Davies wore a gray skirt with a matching jacket that needed a good ironing, and when she accepted the glass, I noticed she didn’t wear a wedding ring. She took a slow, deliberate sip of her drink, and then took a business card from her jacket pocket. She placed the card on the counter and pushed it toward me, careful to avoid the water ring from her glass. “Recognize this?” Davies asked.

It was creased and had a stain in the middle resembling a four-leaf clover. I picked it up and was surprised to see my name on it. “It used to be one of mine,” I said.

“Used to be?” She reached out a thin, tapered finger and flicked the edge of the card with her nail. “It says you’re Vice-President of DDA Security and that you specialize in discreet investigations.” She tapped the card one more time, snatched it from my fingers, and held it in front of her eyes as if she were studying it.

She squinted at the fine print on the bottom of the card and added, “It also says here you’re a security expert. Pretty pretentious of you, don’t you think? How does anybody become an expert at anything at your age? You’re what, thirty years old? And what’s this shit about being founded in 1876?”

“It’s true.” A flicker of pride rushed through me, as it always did when I spoke about the history of the agency. “My great-great-great-grandfather was a Pinkerton detective, a Wells Fargo shotgun driver, and he even knew Wyatt Earp and Doc Holliday. When he was forty-five, he moved to Detroit and started the firm. Back then it was called The Darling Detective Agency.”

“Thanks for the history lesson.” Davies stubbed out her cigarette and set the card face down on the counter. Written in my mother’s precise handwriting was the name Dirty Alvin’s, and the address to the bar.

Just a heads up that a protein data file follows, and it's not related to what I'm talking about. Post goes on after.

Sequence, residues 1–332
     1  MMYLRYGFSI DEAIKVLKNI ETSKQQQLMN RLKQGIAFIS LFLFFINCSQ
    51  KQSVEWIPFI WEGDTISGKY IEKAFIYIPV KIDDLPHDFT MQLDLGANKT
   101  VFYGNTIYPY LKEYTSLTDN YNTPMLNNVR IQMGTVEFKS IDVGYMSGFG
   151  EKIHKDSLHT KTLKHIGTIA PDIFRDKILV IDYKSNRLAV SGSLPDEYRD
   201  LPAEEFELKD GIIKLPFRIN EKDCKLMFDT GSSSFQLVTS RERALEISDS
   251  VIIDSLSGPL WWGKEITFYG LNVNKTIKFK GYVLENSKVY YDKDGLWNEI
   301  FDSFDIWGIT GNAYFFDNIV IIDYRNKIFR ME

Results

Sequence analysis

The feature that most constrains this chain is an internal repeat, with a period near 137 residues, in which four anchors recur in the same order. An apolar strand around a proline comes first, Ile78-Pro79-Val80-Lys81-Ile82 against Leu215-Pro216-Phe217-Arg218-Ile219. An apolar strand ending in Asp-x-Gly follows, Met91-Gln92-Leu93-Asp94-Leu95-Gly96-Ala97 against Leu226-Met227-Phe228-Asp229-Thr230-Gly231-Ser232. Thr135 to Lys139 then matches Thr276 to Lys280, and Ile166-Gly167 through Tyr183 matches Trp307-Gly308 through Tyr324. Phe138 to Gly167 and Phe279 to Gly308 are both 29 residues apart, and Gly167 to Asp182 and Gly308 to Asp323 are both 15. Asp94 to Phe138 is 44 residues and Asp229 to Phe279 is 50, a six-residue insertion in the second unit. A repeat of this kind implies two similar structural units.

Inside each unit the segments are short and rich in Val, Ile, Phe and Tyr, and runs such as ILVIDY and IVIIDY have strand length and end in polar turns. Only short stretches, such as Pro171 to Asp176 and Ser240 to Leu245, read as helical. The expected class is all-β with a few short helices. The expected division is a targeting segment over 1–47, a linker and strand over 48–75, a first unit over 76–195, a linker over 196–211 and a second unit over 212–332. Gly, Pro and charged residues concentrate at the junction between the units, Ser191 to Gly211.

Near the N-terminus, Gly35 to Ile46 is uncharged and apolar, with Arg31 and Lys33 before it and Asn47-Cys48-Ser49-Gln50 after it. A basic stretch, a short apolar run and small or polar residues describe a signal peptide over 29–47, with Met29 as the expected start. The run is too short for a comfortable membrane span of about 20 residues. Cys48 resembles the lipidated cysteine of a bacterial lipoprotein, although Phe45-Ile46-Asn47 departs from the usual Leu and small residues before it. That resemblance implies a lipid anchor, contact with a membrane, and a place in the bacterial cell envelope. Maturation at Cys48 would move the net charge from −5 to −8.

The detective picked up the card and slipped it back into her pocket and then leaned toward me. “What I want to know, Wes, is are you in Key West working a case? Is the bar tending gig some kind of a cover? I don’t understand how someone goes from being VP of a big firm to tending bar in Key West.”

“Oh, come on, Detective. People have been coming down here to escape for as long as my family has been in the detective business. Let’s just say I left the business six months ago for personal reasons. I don’t have a clue where that card came from—or why you’re standing here keeping me from closing up.” I finished my beer in two gulps and set the bottle onto the counter hard enough to emphasize my irritation.

“All right,” she said. “Then explain to me how your business card ended up in the pocket of a body we discovered out at Smathers Beach early this morning. Murder’s bad for the tourist trade and makes the city fathers nervous.”

Me too, I thought. I reached beneath the counter for the bottle of antacid tablets I kept there and popped four of them into my mouth. I’d left the agency for a reason. Because my family had been in the detective business for well over a hundred years, my mother expected me to take over some day. The trouble was I never felt comfortable dealing with the deceit, the dead bodies, and the cops. It only took one screw-up on my part to convince me to quit. Still, the business was in my blood, and Davies had sparked my curiosity.

“This body got a name?” I asked.

Davies turned her head, watching me like a wild animal getting ready to pounce. “The guy had your card on him,” she said. “I was hoping you could tell me his name.”

“Look, Davies,” I said. “I’m not a psychic. Why don’t you tell me what you’ve got, and I’ll help if I can. I’ve got nothing to hide.”

Davies sat there for a few seconds, then took a small notebook from her purse and laid it in front of me. “There was a driver’s license on the body, along with your card, and this.”